Baseball Records Provide Historical Perspective on All-Star Game
By Kerri Lawrence | National Archives News
WASHINGTON, July 13, 2018 — With Major League Baseball’s All-Star game and all its festivities in full swing this week in Washington, DC, the National Archives is providing historical context by sharing some of the many artifacts, documents, and images in our records from games past.
Baseball—commonly referred to as “America’s national pastime”—pervades much of our nation’s history. And since the records at the National Archives document our national experience, it is fitting that stories of both baseball and American history would be discovered among the National Archives collections.
Many of the All-Star records involve images of ceremonial first pitches by former Presidents. The John F. Kennedy Library and Museum holds an image of the President throwing out the first pitch of the 1962 All-Star game in Washington, DC.
President Gerald R. Ford attended the 1976 All-Star game in Philadelphia, Pennsylvania. Images of the Chief Executive attending the game are available in the National Archives online catalog as are details about his trip in the President’s Daily Diary.
Over the years, several other Presidents have tossed the traditional first-pitch, including Franklin D. Roosevelt, who hurled the first pitch in the 1937 All-Star game in Washington, DC, and Barack Obama, who did the honors in 2009 in St. Louis, Missouri.
The National Archives is also home to an audio recording of President Richard Nixon from June 30, 1972, in which he explains his greatest of all-time, all-star baseball team selections? to journalist Clifford Evans. That meeting was captured by recording devices in the Oval Office in the White House.
National Archives staffers produced an eBook on America’s favorite pastime. The book showcases a small slice of baseball-related records found at the National Archives. The documents provide examples of the role of baseball during the two world wars, fights for mutually agreeable contracts and equal opportunity on and off the playing field, the universal appeal of the game to players and fans (even the “highest-ranking” fans of all—U.S. Presidents), improvements to the sport, and celebrations along the way.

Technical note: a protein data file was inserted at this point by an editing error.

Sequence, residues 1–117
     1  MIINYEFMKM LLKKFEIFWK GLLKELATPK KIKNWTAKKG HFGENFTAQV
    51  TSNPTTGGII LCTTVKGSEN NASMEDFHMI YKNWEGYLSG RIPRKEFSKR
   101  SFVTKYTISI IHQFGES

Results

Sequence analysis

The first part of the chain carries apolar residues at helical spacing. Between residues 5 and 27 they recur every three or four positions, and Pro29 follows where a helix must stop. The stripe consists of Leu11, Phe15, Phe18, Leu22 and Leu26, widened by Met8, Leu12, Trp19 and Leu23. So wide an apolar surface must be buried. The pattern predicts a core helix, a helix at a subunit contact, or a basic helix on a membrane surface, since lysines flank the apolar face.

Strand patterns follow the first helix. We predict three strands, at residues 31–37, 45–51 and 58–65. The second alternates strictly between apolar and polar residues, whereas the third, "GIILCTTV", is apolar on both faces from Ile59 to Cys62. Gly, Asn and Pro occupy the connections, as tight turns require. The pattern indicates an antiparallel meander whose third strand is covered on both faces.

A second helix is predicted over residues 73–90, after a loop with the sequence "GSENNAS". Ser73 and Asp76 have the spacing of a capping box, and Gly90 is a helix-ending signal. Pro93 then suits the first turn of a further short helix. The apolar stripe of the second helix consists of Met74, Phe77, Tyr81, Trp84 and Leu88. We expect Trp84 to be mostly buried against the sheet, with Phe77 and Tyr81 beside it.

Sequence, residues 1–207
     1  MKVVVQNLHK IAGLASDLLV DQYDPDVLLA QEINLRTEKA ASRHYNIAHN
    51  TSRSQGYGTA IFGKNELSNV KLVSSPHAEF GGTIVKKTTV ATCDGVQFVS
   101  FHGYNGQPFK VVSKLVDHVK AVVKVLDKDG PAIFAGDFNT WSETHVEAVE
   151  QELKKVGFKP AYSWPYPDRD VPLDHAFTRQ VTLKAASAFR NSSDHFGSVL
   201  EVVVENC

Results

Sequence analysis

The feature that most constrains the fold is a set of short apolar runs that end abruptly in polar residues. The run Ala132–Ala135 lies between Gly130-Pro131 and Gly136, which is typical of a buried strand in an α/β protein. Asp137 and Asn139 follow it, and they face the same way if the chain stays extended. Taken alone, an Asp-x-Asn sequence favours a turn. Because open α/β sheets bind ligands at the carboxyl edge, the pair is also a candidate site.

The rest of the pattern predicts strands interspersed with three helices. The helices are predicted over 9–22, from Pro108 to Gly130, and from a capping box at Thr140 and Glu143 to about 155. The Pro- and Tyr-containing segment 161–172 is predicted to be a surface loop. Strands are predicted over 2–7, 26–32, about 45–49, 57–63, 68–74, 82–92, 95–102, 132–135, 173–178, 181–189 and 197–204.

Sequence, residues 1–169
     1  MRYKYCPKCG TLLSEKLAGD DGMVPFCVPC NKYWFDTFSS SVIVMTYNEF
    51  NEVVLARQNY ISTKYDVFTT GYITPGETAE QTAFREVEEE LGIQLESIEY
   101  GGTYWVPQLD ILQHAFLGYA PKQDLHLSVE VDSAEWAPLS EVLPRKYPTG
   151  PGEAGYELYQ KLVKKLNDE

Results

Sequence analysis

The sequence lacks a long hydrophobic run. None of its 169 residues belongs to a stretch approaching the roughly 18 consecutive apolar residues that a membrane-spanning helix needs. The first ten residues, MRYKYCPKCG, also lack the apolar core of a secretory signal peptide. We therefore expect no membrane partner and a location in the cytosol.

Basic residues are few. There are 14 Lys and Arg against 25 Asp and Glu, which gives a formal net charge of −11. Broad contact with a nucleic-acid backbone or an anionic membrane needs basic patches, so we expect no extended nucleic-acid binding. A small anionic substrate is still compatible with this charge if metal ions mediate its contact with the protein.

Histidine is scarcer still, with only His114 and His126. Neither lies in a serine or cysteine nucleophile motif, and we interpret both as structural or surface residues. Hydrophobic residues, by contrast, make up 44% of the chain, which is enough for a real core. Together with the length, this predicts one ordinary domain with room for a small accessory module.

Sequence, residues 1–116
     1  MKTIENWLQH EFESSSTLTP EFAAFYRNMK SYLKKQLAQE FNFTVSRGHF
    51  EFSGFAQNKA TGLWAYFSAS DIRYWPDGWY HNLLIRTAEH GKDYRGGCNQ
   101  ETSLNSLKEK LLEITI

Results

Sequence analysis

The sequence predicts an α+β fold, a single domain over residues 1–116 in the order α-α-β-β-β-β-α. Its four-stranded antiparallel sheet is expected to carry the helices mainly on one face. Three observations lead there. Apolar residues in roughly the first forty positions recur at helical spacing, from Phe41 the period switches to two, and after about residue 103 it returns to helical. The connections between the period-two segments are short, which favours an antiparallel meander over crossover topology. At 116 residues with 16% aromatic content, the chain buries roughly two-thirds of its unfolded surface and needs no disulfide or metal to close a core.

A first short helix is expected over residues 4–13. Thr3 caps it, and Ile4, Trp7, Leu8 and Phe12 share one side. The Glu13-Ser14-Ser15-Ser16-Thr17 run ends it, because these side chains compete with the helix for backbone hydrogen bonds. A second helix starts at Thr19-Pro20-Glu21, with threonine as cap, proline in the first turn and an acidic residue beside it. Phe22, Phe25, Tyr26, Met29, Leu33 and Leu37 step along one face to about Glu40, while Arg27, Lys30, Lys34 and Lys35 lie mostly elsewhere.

Baseball lovers can also read some other baseball-related stories from the National Archives’ former magazine, Prologue.
Over the decades, the equipment used by the All-Star players has evolved. The National Archives holds many of the patent records for popular baseball equipment and other game-related paraphernalia. National Archives News recently shared “National Archives Shares Hall-of-Famers’ Baseball-Related Patents.”
The last time the All-Star game was held in Washington, DC, was in 1969 at Robert F. Kennedy Memorial Stadium. President Richard Nixon originally planned to attend the Tuesday night game and throw out the ceremonial first pitch, and then depart for the splashdown of Apollo 11 in the Pacific Ocean. But with the game's postponement until Wednesday afternoon due to rain, Nixon missed the game altogether, and Vice President Spiro Agnew attended in his stead.
The first official playing of the midseason exhibition baseball game between Major League Baseball's National and American leagues’ All-Star teams was held on July 6, 1933, at Comiskey Park in Chicago, Illinois. This year the game will be held for the first time at Nationals Park in Washington, DC.